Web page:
Kather­ine Lang­ford’s mis­sion for trou­bled teens in 13 Rea­sons Why

The Sunday Telegraph (Sydney) - TV Guide - - Front Page - If you or some­one close to you has been af­fected by the show:­son­swhy/ https://13rea­son­ Life­line 13 11 14 or life­ BeyondBlue 1300 224 636 or

TWO years ago, Kather­ine Lang­ford was hid­den un­der an Easter bunny cos­tume mak­ing shop­ping cen­tre ap­pear­ances in Perth.

Now 22 and a Hol­ly­wood TV star, she has a very dif­fer­ent view of the world.

Hav­ing au­di­tioned ad nau­seam in Los An­ge­les since mak­ing the move two years ago, Lang­ford’s very first job im­mersed her in head­lines – af­ter land­ing the lead role in the con­tro­ver­sial Net­flix drama 13 Rea­sons Why.

Spark­ing in­ter­na­tional de­bate about its graphic de­pic­tion of sex­ual as­sault, sub­stance abuse and teen sui­cide, the first sea­son was truly a whirl­wind for Lang­ford.

Cast as bul­lied stu­dent Han­nah Baker, she is cen­tral to the sto­ry­line af­ter her char­ac­ter takes her own life, leav­ing be­hind 13 damn­ing tape record­ings, which point the fin­ger at those she blames for push­ing her over the edge.

Both the se­ries and her per­for­mance res­onated deeply with the show’s young au­di­ence but its ex­plicit con­tent drew wide­spread crit­i­cism; with some ad­vo­cacy groups con­cerned the plot­line not only glam­ourised sui­cide but it made it seem as if this was a way for bul­lied teens to get re­venge on their tor­men­tors.

Pop star and the se­ries’ ex­ec­u­tive pro­ducer Se­lena Gomez, who has been can­did about her own men­tal health strug­gles, has es­pe­cially been the tar­get of con­sid­er­able back­lash.

Sea­son two does not re­visit the sui­cide but rather deals with the con­tin­u­ing fall­out from Han­nah’s death, as well as a shock­ing sex­ual as­sault and con­fronting bul­ly­ing. It fin­ishes with an­other hugely con­tro­ver­sial sex­ual as­sault scene that has kicked off more crit­i­cism.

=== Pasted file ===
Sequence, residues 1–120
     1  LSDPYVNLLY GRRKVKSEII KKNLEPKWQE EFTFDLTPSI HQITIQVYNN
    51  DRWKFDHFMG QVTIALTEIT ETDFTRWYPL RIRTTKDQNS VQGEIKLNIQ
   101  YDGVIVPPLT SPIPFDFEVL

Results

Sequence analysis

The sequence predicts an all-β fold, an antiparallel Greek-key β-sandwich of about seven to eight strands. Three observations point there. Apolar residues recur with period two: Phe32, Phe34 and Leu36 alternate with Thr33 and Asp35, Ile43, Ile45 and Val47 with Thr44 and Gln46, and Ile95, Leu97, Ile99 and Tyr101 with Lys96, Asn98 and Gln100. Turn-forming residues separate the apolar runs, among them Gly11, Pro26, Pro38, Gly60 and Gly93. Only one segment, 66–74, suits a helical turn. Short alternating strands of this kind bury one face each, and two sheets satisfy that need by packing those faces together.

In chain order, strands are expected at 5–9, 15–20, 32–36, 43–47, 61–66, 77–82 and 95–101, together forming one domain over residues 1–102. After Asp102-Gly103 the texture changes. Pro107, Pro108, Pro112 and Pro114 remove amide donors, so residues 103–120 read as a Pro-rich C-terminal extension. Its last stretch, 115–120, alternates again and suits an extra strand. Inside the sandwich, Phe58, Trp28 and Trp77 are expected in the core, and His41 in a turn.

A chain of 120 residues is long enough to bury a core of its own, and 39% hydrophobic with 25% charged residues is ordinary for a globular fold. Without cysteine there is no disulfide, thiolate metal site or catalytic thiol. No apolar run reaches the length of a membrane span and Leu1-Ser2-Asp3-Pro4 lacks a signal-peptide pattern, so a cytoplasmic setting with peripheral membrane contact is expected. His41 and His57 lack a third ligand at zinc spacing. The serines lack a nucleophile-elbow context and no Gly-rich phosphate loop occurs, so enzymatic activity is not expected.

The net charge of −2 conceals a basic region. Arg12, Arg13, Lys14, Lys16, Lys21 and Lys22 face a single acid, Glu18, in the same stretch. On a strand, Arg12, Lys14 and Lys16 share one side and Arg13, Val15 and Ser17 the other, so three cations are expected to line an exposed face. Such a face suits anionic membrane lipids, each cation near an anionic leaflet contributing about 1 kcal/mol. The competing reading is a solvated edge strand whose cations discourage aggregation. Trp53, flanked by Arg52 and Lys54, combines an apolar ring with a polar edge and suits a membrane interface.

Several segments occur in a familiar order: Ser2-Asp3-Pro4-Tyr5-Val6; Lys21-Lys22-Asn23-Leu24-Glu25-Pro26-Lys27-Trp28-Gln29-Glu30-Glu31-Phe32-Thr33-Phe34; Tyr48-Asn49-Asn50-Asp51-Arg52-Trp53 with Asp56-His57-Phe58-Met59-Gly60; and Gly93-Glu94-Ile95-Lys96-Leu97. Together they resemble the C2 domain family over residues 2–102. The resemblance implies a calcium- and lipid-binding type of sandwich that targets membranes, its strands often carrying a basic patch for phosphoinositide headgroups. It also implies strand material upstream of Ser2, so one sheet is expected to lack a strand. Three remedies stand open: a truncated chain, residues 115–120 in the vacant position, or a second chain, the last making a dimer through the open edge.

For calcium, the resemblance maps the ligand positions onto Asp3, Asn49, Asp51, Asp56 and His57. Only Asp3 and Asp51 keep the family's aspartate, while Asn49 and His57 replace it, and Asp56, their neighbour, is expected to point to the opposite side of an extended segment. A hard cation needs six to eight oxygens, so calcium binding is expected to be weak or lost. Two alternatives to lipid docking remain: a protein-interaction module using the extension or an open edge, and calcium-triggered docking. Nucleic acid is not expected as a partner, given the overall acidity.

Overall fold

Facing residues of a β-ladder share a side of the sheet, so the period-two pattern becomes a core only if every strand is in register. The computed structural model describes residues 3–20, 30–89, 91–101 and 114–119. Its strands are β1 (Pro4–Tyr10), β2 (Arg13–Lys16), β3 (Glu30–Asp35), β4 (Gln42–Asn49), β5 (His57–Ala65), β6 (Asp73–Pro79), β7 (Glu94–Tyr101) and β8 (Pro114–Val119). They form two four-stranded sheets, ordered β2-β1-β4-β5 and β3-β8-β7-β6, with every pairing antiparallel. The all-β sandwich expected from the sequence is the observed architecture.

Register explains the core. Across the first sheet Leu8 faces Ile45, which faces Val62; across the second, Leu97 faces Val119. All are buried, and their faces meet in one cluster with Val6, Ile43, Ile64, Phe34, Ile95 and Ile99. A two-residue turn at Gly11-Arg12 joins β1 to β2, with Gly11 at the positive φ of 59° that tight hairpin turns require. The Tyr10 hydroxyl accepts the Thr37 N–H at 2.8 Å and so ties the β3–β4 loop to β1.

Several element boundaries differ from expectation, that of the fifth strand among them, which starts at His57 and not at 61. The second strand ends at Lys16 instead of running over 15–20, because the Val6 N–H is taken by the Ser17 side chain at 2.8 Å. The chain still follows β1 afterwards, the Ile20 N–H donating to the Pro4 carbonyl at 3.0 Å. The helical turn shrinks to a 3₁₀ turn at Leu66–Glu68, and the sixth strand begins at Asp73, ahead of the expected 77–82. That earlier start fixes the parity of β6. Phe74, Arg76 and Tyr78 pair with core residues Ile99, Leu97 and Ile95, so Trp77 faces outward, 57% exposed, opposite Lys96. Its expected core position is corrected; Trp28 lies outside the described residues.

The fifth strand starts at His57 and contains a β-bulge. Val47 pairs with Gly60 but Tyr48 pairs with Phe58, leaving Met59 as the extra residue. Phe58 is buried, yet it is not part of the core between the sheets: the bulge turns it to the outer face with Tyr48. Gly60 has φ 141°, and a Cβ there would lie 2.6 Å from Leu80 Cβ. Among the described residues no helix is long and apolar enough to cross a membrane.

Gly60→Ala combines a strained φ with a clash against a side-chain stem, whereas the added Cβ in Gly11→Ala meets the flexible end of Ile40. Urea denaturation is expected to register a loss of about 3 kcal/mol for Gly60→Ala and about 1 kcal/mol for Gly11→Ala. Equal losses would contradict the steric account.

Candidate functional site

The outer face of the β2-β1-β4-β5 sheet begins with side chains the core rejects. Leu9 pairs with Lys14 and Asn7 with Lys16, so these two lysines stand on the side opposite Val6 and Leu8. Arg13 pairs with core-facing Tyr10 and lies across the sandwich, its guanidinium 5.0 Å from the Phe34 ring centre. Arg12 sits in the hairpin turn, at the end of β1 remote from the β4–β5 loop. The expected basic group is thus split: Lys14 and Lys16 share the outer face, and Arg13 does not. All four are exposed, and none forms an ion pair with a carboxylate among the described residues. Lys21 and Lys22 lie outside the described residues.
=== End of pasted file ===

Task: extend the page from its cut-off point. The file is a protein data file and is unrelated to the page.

With teen sui­cide sta­tis­tics on the rise, Lang­ford feels strongly about the show’s pow­er­ful voice in pop­u­lar cul­ture.

“When we were mak­ing it, no one fully re­alised the im­pact the show would have, but I think what is im­por­tant is that we’re hav­ing the dis­cus­sion and that’s what rose from it. It goes one deeper than just en­ter­tain­ment,” she says.

With many of her fans fight­ing their own de­pres­sion and sui­ci­dal thoughts, Lang­ford still feels a re­spon­si­bil­ity to the au­di­ence.

“I do hope to be there for them if they need it,” she says.

“Ob­vi­ously I am still young my­self and I don’t know ev­ery­thing, so I try and be there in a ca­pac­ity that is use­ful, and whether that is us­ing my so­cial me­dia plat­form or just us­ing my voice in par­tic­u­lar, it all helps.”

Al­though Lang­ford’s own high school ex­pe­ri­ence did not bear much re­sem­blance to Han­nah’s, she ad­mits those years are “tricky re­gard­less of where you are or where you live or what school you go to.”

“Grow­ing up I have to say that I, for the most part, was lucky and en­joyed most of my high school ex­pe­ri­ence. I went to a gifted and tal­ented school for the last three years of my high school [Perth Mod­ern School] and I had a re­ally sup­port­ive, very lib­eral friend­ship group,” she says.

She ad­mits find­ing her voice took time.

“I didn’t start act­ing un­til I was 18 so I still have a lot to learn,” she says.

“My par­ents aren’t in the busi­ness [both are doc­tors], and ac­tu­ally, it took me un­til I was 19 to say out loud to them that I wanted to act as a pro­fes­sion. It was fright­en­ing be­cause I didn’t know if I’d suc­ceed and once you put it out there that you want do some­thing, if you don’t suc­ceed, you’re a fail­ure.”

Far from a fail­ure, Lang­ford earned a cov­eted Golden Globe nom­i­na­tion for her role.

“It was such an hon­our and to be recog­nised at event like that!” she says now, with a huge smile.

“Peo­ple have said, ‘ It was the right thing at the right time’, but it wasn’t an easy path­way. There was a lot of work that went be­hind it. I worked three jobs to pay bills, and there were many set­backs. I had a huge set­back at 19 when I au­di­tioned for drama schools, which I’d been try­ing to get into for three years, and I was knocked back ev­ery sin­gle time.

“I also saved up all my money, went to LA for pilot sea­son, au­di­tioned but didn’t get cast. So I had to re­turn to Aus­tralia with­out a job.

“Look­ing back, I knew there would be peaks and lows. Now I re­alise that the lows are where you learn the most.”

Still plenty young enough to pull off play­ing a high- schooler, Lang­ford starred as an­other in the ac­claimed film Love, Si­mon, which tells the story of a clos­eted gay teen.

“I’m not wor­ried that both char­ac­ters were in high school,” she in­sists.

“I feel very priv­i­leged and lucky to be able to be part of this show and of a film that I’m so proud of.”



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